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Full Question: I wake up every morning with a soreness in the back of my neck and a hang-over like headache which makes me nauseous. I do not drink. I have had previous neck discectomy and fusion at three levels. I suffer from chronic muscle tightness in neck and shoulders. The headache lasts all day. Any suggestions? Jonathan. Answer: Dear Jonathan; You most probably have cervicogenic headaches based on your former neck problems. I suspect you don't sleep well, and I would recommend you talk to your physician about a medication called tizanidine (Zanaflex), which reduces muscle spasm and helps sleep. It also helps chronic daily headaches. Good luck, John Claude Krusz and Teri Robert If you need to find a headache and Migraine specialist, please see our listing of patient recommended specialists . Another good source of information and support is our forum . To post to the forum, you'll need to register, even if you're already regis...
Muscle contraction headache; Headache - benign; Headache - tension; Chronic headaches - tension; Rebound headaches - tension
Learn and practice stress management . Some people find relaxation exercises or meditation helpful. Biofeedback may improve relaxation exercises and may be helpful for chronic tension headache.
Tips to prevent tension headaches:
Keep warm if the headache is associated with cold.
Use a different pillow or change sleeping positions.
Practice good posture when reading, working, or doing other activities.
Exercise the neck and shoulders frequently when typing, working on computers, or doing other close work.
Get plenty of sleep and rest.
Massaging sore muscles may also help.
Silver N. Headache (chronic tension-type). Am Fam Physician . 2007:76(1):114-116.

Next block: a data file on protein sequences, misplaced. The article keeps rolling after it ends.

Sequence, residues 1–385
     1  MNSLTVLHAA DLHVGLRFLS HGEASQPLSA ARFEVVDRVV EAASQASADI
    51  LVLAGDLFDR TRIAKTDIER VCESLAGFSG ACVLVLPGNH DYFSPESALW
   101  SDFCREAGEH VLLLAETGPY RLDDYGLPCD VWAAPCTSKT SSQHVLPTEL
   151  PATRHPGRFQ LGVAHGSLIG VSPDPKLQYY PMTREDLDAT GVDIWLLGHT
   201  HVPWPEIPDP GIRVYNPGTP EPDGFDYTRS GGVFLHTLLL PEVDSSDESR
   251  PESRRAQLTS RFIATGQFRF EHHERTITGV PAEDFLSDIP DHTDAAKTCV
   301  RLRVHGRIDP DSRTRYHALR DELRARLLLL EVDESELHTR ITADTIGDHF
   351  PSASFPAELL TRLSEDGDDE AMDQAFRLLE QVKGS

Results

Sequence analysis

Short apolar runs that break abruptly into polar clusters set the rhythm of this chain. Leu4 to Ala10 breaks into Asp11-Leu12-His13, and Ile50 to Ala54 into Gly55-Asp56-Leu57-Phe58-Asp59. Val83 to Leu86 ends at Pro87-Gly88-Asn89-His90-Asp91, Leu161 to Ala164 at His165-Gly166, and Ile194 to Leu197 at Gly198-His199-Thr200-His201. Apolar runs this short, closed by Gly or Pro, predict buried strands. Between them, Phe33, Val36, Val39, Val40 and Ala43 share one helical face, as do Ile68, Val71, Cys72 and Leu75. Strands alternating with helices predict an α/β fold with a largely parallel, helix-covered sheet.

Fumal A, Schoenen J. Tension-type headache: current research and clinical management. Lancet Neurol . 2008:7(...
Introduction Most people have had headaches. There are many different kinds of headaches, and they range from being an infrequent annoyance to a persistent, severe, and disabling medical condition. Brain tissue itself does not generate sensations of pain, so the brain is not what hurts when you have a headache. Rather, the pain occurs in some of the following locations: The tissues covering the brain The attaching structures at the base of the brain Muscles and blood vessels around the scalp, face, and neck Doctors categorize headaches as either primary or secondary. The category helps to distinguish the many different kinds of headaches and to determine right treatments for each. Primary and Secondary Headaches A headache is considered primary when it is not caused by another medical condition or disease. Most primary headaches fall into three main types: tension-type, migraine, and cluster headaches. Tension-type headache is the most common primary headache and accounts for 90% of all headac...
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